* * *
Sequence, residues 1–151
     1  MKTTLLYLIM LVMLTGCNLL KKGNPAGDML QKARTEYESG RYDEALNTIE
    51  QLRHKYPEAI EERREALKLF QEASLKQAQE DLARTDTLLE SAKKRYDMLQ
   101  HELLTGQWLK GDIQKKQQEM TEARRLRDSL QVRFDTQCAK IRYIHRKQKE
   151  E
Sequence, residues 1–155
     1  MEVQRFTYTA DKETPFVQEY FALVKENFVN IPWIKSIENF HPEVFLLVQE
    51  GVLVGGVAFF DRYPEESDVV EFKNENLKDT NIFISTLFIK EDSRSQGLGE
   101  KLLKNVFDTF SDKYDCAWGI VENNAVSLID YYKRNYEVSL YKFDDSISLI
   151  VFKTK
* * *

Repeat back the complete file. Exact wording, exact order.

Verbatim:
Sequence, residues 1–151
     1  MKTTLLYLIM LVMLTGCNLL KKGNPAGDML QKARTEYESG RYDEALNTIE
    51  QLRHKYPEAI EERREALKLF QEASLKQAQE DLARTDTLLE SAKKRYDMLQ
   101  HELLTGQWLK GDIQKKQQEM TEARRLRDSL QVRFDTQCAK IRYIHRKQKE
   151  E
Sequence, residues 1–155
     1  MEVQRFTYTA DKETPFVQEY FALVKENFVN IPWIKSIENF HPEVFLLVQE
    51  GVLVGGVAFF DRYPEESDVV EFKNENLKDT NIFISTLFIK EDSRSQGLGE
   101  KLLKNVFDTF SDKYDCAWGI VENNAVSLID YYKRNYEVSL YKFDDSISLI
   151  VFKTK